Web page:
Critical incident audit and feedback to improve perinatal and maternal mortality and morbidity

Recording the number and the causes of deaths of pregnant women and babies is essential health information to identify problem areas. Effective management of the health of a population is dependent on basic statistics that allow for the identification of problem areas. Recording the number and causes of deaths of pregnant women and babies falls into this category and is essential. No randomised controlled trials were identified; therefore, the depth of examination of these deaths and the methods of feeding back that information to health workers to obtain the most beneficial effect is not known.

Authors' conclusions: 

The necessity of recording the number and cause of deaths is not in question. Mortality rates are essential in identifying problems within the healthcare system. Maternal and perinatal death reviews should continue to be held, until further information is available. The evidence from serial data clearly suggests more benefit than harm. Feedback is essential in any audit system. The most effective mechanisms for this are unknown, but it must be directed at the relevant people.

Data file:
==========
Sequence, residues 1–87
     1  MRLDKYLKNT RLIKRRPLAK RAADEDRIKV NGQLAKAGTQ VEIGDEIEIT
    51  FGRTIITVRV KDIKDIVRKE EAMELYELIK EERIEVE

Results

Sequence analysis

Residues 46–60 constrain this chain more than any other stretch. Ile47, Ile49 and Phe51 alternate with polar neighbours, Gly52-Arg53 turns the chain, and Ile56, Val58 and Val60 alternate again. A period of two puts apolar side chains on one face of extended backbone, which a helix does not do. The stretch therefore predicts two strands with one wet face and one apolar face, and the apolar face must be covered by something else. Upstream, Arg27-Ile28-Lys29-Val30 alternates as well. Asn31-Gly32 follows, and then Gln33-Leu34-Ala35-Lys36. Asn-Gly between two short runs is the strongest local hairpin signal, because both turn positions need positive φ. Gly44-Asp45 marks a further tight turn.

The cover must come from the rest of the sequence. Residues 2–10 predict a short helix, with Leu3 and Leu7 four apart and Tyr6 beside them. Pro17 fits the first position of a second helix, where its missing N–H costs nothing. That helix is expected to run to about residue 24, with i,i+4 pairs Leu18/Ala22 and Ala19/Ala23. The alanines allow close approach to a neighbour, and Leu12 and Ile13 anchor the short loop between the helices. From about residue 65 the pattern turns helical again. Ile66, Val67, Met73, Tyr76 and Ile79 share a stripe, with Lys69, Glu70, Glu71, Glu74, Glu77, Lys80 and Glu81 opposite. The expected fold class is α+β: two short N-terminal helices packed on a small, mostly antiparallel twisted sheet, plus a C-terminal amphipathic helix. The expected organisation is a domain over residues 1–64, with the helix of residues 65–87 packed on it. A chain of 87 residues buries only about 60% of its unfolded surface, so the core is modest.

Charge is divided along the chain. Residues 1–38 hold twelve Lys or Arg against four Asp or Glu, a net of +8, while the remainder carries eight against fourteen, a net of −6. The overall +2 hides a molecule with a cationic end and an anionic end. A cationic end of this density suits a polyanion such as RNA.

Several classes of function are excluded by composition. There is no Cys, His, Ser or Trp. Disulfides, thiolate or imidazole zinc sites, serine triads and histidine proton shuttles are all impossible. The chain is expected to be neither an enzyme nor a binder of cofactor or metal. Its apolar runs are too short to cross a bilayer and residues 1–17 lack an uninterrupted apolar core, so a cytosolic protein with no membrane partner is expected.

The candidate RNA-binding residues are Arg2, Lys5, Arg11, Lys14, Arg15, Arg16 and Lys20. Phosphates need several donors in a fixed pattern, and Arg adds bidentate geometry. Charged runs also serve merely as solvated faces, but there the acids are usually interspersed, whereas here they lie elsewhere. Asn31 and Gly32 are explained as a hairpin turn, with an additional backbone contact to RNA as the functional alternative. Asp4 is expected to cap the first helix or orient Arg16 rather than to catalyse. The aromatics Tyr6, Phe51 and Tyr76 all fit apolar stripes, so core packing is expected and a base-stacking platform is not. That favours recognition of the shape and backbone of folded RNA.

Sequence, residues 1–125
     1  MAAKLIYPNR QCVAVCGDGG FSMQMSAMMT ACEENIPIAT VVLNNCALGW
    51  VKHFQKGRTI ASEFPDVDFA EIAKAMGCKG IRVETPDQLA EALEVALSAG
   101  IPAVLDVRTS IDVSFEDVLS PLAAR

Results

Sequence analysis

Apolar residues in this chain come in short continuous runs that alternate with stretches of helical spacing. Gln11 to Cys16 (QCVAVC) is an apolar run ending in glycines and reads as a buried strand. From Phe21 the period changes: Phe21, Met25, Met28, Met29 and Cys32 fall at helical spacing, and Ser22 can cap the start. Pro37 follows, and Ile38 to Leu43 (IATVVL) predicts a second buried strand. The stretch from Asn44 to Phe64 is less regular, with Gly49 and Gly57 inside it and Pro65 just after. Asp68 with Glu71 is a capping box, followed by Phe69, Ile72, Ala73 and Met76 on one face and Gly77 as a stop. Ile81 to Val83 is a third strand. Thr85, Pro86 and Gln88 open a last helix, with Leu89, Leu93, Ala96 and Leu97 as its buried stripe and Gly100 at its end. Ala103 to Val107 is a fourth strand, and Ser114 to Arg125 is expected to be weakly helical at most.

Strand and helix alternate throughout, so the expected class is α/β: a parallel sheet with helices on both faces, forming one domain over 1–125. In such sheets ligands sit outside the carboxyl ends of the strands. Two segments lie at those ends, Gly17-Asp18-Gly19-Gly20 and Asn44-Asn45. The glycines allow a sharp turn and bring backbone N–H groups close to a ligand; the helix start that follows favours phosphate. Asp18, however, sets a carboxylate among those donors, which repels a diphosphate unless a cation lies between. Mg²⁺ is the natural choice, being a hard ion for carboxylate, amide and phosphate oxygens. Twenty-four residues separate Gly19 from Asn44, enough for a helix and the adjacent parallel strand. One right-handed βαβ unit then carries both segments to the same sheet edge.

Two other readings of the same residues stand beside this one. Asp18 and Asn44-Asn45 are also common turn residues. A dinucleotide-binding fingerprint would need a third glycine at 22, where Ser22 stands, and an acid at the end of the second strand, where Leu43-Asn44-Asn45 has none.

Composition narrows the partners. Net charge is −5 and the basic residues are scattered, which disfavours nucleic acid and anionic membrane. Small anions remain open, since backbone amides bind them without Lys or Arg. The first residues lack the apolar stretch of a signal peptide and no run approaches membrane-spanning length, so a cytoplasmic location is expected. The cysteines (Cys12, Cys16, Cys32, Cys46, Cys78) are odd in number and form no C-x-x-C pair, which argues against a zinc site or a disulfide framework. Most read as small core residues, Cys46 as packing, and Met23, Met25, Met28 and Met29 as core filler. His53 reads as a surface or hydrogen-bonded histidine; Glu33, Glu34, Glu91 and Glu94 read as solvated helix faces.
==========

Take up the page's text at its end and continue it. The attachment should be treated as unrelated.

Read the full abstract...

Audit and feedback of critical incidents is an established part of obstetric practice. However, the effect on perinatal and maternal mortality is unclear. The potential harmful effects and costs are unknown.


Is critical incident audit and feedback effective in reducing the perinatal mortality rate, the maternal mortality ratio, and severe neonatal and maternal morbidity?

Search strategy: 

We searched the Cochrane Pregnancy and Childbirth Group's Trials Register (30 November 2010) and the Cochrane Effective Practice and Organisation of Care Group's Trials Register (18 November 2010).

Selection criteria: 

Randomized trials of audit (defined as any summary of clinical performance over a specified period of time) and feedback (method of feeding that information back to the clinicians) that reported objectively measured professional practice in a healthcare setting or healthcare outcomes.

Data collection and analysis: 

No suitable trials were found.

Main results: